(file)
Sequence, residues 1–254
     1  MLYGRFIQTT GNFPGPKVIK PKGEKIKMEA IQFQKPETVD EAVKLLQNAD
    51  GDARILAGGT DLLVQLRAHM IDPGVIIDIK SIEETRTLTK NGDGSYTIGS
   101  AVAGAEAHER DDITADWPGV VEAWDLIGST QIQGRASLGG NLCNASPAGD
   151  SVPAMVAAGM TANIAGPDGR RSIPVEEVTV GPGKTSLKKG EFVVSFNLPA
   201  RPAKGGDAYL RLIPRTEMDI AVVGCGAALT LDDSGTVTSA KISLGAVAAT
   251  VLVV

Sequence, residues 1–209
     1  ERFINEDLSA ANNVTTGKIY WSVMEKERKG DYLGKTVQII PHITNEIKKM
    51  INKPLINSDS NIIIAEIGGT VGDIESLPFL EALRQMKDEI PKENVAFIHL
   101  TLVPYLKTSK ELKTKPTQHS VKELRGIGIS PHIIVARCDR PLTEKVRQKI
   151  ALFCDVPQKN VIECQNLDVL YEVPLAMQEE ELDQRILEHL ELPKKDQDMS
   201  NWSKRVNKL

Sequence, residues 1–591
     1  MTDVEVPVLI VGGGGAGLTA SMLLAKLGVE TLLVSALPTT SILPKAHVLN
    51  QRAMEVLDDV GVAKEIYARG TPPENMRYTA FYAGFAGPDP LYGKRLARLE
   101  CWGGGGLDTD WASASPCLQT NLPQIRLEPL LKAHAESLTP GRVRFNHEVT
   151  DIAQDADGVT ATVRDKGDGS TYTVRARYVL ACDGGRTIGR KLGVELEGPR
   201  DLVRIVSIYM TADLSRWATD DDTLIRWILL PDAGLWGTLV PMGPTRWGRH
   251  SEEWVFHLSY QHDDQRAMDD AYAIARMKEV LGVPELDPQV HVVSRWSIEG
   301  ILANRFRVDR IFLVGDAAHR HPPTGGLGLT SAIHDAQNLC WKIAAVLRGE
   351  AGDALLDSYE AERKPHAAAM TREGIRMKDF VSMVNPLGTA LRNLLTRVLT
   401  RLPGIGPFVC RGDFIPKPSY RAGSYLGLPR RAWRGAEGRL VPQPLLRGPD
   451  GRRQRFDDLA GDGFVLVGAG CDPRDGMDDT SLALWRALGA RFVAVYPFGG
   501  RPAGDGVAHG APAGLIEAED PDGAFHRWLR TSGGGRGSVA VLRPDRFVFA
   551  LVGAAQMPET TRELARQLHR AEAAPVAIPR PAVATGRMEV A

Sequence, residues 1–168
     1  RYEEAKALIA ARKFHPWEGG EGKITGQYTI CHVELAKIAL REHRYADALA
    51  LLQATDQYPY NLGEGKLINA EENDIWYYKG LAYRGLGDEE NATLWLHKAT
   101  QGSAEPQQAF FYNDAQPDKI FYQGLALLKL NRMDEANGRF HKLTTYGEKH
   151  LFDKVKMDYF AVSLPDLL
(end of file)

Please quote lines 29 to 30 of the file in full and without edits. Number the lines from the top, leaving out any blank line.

    51  LLQATDQYPY NLGEGKLINA EENDIWYYKG LAYRGLGDEE NATLWLHKAT
   101  QGSAEPQQAF FYNDAQPDKI FYQGLALLKL NRMDEANGRF HKLTTYGEKH